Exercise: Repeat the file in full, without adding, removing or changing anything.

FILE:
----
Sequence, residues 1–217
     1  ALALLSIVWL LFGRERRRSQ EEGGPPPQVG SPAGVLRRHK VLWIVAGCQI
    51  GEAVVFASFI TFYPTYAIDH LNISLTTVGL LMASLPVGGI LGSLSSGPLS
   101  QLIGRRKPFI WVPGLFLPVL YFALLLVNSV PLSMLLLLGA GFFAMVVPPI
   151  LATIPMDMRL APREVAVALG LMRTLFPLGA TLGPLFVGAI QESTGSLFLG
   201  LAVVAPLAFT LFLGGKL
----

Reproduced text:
Sequence, residues 1–217
     1  ALALLSIVWL LFGRERRRSQ EEGGPPPQVG SPAGVLRRHK VLWIVAGCQI
    51  GEAVVFASFI TFYPTYAIDH LNISLTTVGL LMASLPVGGI LGSLSSGPLS
   101  QLIGRRKPFI WVPGLFLPVL YFALLLVNSV PLSMLLLLGA GFFAMVVPPI
   151  LATIPMDMRL APREVAVALG LMRTLFPLGA TLGPLFVGAI QESTGSLFLG
   201  LAVVAPLAFT LFLGGKL